Pavit Tangkamolprasert dedicated his first Asian Tour victory at the Venetian Macao Open to the late king of Thailand, King Bhumibol, after prevailing over India’s Anirban Lahiri in a play-off on Sunday.
The 27-year-old Thai and reigning Asian Tour number one Lahiri put on an exhibition of golf by shooting a seven-under-par 64 and 65 respectively in the final round to tie at 16-under-par 268 at Macau Golf and Country Club.
Pavit, who earned US$S198,000 for his career breakthrough, triumphed in extra-time with a birdie on the par five 18th hole after Lahiri, the 2014 champion here, found the water hazard with his second shot following an errant drive en route to a bogey.
Lahiri settled for the runner-up spot for a third time in four years. It was an emotional week for Pavit and the Thai players as King Bhumibol died on Thursday and Pavit believed the revered ruler was helping him all week.
‘All the Thai players are very sad after hearing the news back home. The king is our inspiration this week, our life and this trophy is for the king. I dedicate this win to the king,’ said Pavit.
A five-time winner on the Asian Development Tour where he was number one in 2014, Pavit has only one top-10 on the Asian Tour in 65 starts previously but it all clicked in a pulsating final day showdown with Lahiri Big-hitting Pavit overturned a one-shot deficit into a three-shot lead with some hot putting, going to six-under through 13 holes and was seemingly coasting to a well-deserved victory.
However, Lahiri, who looked out of contention and trailed by five at one stage, produced his best stuff coming home as he brilliantly nailed seven successive birdies to force a play-off which he subsequently gave away the title.
Pavit said: ‘I didn’t think I would be in a play-off but I got lucky as Anirban hit his second shot into the water. All the hard work paid off this week. I didn’t think about winning because I don’t even have Asian Tour status. I just wanted to play my best. This win will now give me a two-year exemption.’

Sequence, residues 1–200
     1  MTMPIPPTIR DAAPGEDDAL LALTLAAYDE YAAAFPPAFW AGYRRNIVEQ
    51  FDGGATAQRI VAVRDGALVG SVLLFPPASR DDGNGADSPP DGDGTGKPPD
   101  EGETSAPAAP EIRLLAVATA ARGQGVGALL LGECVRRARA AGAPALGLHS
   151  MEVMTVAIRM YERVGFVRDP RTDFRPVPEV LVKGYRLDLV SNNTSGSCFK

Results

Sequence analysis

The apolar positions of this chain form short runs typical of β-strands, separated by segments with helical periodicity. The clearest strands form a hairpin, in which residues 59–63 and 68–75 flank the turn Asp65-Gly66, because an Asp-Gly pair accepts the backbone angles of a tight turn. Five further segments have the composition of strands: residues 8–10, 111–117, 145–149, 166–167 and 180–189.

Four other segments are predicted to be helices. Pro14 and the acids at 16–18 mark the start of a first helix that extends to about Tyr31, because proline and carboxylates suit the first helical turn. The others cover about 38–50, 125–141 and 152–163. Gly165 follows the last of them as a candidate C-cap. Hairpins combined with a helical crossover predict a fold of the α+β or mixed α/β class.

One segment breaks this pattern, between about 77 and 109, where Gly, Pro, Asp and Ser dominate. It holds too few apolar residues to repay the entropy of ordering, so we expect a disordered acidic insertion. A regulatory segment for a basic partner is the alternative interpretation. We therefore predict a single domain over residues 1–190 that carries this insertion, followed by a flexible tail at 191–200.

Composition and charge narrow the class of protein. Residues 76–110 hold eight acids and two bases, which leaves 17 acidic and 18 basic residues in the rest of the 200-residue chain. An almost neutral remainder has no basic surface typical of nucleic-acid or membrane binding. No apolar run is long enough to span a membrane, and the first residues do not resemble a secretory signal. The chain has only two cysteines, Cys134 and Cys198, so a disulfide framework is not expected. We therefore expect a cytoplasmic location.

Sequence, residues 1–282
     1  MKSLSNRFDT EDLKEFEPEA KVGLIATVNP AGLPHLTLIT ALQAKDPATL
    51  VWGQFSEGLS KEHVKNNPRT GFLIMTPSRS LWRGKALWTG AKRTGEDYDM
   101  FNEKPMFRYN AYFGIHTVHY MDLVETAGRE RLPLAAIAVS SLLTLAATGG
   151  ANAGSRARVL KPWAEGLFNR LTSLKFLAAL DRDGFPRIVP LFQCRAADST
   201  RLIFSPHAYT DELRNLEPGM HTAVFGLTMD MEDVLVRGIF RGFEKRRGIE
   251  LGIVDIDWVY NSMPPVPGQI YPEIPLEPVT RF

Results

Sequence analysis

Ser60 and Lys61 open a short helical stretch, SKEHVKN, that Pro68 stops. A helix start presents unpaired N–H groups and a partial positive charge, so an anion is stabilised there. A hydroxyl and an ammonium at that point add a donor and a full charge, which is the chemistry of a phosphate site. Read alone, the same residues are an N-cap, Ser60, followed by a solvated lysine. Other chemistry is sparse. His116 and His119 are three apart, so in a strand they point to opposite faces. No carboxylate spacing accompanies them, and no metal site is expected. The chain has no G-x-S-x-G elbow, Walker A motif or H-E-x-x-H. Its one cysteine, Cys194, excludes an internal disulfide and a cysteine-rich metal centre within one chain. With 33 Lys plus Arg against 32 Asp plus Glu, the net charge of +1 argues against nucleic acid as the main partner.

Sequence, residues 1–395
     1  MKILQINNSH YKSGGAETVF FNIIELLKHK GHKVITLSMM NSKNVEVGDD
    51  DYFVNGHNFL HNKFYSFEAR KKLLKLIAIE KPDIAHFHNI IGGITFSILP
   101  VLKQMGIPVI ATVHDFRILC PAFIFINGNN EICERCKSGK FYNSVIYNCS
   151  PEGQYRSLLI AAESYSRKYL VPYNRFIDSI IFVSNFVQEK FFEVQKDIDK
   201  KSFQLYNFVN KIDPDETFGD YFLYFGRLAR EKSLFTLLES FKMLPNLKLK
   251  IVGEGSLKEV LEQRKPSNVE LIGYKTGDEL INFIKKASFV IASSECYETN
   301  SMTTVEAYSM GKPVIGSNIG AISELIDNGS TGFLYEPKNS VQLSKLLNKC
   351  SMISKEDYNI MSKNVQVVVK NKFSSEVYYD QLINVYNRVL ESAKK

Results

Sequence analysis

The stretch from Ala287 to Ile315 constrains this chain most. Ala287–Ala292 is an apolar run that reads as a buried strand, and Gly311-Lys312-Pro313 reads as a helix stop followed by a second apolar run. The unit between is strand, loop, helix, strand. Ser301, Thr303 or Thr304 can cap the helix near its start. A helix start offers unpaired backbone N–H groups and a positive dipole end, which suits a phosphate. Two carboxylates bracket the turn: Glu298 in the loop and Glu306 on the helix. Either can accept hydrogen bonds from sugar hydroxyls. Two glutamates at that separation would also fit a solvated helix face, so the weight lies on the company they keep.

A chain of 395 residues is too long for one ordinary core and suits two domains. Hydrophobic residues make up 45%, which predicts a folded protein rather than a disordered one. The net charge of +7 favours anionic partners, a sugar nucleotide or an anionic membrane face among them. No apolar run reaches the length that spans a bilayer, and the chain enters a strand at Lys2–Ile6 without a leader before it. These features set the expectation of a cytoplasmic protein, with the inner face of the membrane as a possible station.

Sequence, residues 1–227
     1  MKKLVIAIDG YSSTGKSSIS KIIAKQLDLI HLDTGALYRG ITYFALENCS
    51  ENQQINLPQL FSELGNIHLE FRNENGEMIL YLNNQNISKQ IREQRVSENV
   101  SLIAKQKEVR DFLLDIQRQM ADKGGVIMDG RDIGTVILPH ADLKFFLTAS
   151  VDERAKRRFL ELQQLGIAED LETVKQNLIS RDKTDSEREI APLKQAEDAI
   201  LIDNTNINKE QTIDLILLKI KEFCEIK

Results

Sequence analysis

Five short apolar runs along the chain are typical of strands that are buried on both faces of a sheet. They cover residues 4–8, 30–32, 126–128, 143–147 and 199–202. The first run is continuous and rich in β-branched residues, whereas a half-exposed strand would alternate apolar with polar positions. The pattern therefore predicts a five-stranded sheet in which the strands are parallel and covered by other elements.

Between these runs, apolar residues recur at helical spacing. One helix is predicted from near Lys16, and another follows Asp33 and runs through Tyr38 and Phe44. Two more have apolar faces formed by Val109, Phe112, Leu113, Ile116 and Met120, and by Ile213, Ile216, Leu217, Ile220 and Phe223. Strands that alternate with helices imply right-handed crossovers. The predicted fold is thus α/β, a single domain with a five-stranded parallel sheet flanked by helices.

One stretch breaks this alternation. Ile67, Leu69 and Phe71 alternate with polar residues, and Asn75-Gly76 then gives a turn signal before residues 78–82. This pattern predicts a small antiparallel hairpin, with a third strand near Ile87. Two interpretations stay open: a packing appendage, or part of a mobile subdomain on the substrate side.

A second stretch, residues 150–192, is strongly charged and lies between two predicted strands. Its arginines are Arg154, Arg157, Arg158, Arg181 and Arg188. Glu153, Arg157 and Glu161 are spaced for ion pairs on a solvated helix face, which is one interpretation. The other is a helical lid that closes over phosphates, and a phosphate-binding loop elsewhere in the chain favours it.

Being the third Thai first-time winner on the Asian Tour this season, Pavit added that he didn’t know Lahiri was on a birdie blitz and hot on his heels late in the day.
‘I didn’t see the scores on the back nine as there was no leaderboard. “I had nothing to lose in the play-off. My caddie, my mum and dad texted me to say I had nothing to lose. Kiradech (Aphibarnrat) also sent me a message to say “Come on, you can do it” and that was a big motivation for me,’ said Pavit.
The 29-year-old Lahiri was disappointed his good work in regulation play was all for nought, with the runner-up result getting him into next week’s CIMB Classic in Malaysia via the Asian Tour’s Order of Merit.
‘I was happy I won the toss and I wanted to go first (in the play-off). I think I rushed into that and I was trying to lay up on the second shot but the rough was a bit thick. I didn’t even think of the hazard being there. I guess that was unfortunate to finish like that. I’m happy with the way I played the back nine but disappointed I finished second again,’ said Lahiri.
Chinese Taipei’s Chan Shih-chang shot a superb 65 to finish tied third with co-overnight leader Chikkarangappa S. of India, who returned a 68. Both finished three shots behind the play-off duo. I was hitting all over the place but I managed to hang in there. I lost some momentum on 11 again, making that bogey.
I can take some positives from this. I’ve never seen a finish like that before. I know how strong Anirban is in the head. He had a bad start with some bad tee shots but the way he came back, that was amazing,” said the 23-year-old Chikkarangappa, whose third straight top-10 locked up his Tour card for 2017.
Chan, already a two-time winner this season, wished he had a stronger start to put the pressure on the leaders. ‘My back nine was perfect but not the first nine, I had many tries for birdies but my putting speed wasn’t good. The leaders were also too far in front after that,’ he said.